The cutoff value that indicates osteoporosis in women is a BMD of 0.56 grams/cm2 at the femoral neck on DXA osteoporosis test. Based on this same absolute value, NHANES III found that the prevalence of osteoporosis in men 50 years or older is 4 percent in Caucasians, 3 percent in African Americans, and 2 percent in Mexican-Americans. If comparison is made to the normal BMD value in a young healthy male, the prevalence is substantially higher at 7 percent in Caucasians, 5 percent in African Americans, and 3 percent in Mexican-Americans. In comparison, Canadian men have an overall prevalence of approximately 4 percent. The incidence of hip fractures is much lower in men than women because fewer men develop the extremely low bone density that puts a person at risk of hip fracture.
What Role Does Race Play in the Incidence of Osteoporosis?
In addition to age and gender, the prevalence of osteoporosis also varies by race. When adjusted for age, the prevalence of hip osteoporosis in African American women in the United States is 6 percent based on comparison to normal BMD values. The comparable figure for Mexican-American women is 14 percent. Postmenopausal Caucasian women have the highest prevalence of hip osteoporosis at 17 percent. This is consistent with the lower incidence of hip fractures observed in African American women.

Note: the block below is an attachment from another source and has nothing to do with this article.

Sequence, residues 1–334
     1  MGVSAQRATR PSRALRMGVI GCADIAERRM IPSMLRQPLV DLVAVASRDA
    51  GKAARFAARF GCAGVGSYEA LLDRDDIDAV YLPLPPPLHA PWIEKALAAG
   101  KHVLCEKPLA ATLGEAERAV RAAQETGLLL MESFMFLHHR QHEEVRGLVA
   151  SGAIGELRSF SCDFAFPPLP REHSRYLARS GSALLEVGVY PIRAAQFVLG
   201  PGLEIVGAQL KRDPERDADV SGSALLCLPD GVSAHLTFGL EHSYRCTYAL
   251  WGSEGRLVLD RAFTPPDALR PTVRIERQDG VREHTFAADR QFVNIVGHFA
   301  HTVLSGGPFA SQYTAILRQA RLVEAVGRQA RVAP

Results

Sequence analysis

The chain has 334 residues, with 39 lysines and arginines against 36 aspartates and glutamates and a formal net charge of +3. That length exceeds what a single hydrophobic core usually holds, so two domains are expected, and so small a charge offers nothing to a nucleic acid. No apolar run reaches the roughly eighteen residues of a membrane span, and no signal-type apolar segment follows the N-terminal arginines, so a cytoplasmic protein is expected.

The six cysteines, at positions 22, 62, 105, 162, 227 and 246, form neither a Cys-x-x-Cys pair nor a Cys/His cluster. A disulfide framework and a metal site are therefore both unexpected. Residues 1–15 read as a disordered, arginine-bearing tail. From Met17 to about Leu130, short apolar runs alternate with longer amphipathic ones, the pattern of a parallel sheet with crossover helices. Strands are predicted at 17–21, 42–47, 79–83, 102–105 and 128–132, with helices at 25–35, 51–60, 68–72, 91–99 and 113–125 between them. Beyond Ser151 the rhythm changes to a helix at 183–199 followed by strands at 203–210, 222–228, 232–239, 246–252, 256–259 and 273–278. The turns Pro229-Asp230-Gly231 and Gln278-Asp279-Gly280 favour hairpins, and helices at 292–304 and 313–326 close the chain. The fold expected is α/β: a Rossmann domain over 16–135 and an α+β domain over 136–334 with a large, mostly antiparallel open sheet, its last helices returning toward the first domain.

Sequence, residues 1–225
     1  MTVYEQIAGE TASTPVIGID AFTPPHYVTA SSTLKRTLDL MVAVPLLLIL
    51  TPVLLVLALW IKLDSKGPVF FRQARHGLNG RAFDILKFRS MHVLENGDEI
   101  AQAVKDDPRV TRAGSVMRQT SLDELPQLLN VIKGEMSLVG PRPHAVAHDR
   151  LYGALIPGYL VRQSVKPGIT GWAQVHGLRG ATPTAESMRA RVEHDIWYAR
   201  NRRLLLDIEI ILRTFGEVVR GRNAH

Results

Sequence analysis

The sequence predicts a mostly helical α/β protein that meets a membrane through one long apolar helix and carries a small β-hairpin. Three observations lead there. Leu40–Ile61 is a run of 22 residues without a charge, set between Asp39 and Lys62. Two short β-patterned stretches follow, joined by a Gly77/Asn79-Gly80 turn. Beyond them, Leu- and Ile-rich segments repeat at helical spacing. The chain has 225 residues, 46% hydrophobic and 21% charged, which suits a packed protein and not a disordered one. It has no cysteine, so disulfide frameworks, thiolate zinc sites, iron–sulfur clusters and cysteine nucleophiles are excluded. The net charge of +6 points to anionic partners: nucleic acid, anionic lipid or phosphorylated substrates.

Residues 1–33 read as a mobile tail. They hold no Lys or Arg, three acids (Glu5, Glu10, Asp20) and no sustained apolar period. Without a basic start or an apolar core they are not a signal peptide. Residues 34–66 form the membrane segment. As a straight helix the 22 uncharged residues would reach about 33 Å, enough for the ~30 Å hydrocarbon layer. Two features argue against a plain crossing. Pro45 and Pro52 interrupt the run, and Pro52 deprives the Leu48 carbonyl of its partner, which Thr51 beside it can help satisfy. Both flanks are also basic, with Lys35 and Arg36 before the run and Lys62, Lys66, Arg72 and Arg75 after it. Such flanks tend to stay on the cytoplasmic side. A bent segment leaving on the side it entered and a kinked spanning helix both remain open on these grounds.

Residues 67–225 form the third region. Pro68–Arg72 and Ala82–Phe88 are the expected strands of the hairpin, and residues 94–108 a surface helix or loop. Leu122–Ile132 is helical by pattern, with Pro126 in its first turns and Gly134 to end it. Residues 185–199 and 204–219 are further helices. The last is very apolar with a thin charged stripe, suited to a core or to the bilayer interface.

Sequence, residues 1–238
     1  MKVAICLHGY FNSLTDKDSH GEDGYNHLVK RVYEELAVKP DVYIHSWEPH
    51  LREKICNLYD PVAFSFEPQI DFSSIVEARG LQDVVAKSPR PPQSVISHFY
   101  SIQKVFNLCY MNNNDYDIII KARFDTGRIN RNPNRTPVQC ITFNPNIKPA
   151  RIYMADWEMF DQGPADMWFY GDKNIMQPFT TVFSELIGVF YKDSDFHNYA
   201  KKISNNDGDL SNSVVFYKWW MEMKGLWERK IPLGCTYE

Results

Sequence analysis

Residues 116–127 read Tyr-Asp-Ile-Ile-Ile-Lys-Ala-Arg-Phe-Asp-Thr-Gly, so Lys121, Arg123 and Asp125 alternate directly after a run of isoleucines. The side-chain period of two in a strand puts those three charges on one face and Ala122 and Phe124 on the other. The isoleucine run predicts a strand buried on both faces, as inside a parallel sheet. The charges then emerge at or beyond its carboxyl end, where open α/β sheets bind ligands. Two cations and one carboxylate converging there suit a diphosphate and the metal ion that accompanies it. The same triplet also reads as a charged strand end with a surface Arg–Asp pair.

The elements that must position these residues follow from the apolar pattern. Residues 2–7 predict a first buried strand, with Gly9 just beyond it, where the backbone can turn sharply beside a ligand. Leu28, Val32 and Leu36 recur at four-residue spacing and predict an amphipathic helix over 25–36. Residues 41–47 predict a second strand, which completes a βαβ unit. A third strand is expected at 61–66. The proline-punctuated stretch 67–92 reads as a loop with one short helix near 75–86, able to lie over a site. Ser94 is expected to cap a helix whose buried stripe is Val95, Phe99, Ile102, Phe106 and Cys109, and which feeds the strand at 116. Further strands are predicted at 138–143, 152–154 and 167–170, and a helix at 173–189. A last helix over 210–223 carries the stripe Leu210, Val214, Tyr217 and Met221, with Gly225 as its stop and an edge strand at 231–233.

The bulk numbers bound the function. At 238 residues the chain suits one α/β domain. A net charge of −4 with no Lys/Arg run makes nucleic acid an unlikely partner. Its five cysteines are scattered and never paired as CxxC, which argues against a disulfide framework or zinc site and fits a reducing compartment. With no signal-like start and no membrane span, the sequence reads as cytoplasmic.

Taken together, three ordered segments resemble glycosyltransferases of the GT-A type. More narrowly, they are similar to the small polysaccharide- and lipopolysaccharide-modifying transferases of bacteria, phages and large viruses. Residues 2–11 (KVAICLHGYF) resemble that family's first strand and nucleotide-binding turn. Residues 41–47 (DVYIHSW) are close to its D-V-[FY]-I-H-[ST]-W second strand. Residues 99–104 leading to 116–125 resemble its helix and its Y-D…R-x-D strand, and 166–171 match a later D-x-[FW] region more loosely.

Women of Hispanic heritage also have a lower risk of fracturing a hip compared to women with ancestry from Northern Europe. The prevalence of osteoporosis in Asians is presumed to be similar to Caucasians. Compared to Caucasian women, Japanese women have a lower prevalence of hip osteoporosis (12 percent), but a higher prevalence of lumbar spine osteoporosis. In general, it has been noted that the frequency of spine fractures is similar in Asian women and Caucasian women. However, Asian women have a considerably lower chance of suffering a hip fracture.
The key takeaway from all these numbers and statistics is that radiologic technologists should be aware of high-risk individuals based on age, gender, and race who could benefit from screening with a DXA osteoporosis test. Early diagnosis and treatment of low bone density in these individuals can prevent fragility fractures. If you enjoyed reading this article, consider purchasing our 23-credit ARRT® recognized course Radiographic Bone Density that is good for both radiography and DXA operators.
CE for DXA Technologists
This article for X-ray techs discussed the incidence of osteoporosis in different populations and the need for screening DXA tests in these individuals. To complete your requirements for ARRT® CE credits, please purchase one of our e-courses. Our California bundle includes courses that fulfill the state’s special requirements. We have similar bundles for Texas X-ray CE. Florida X-ray techs can complete their CE requirements by purchasing these courses.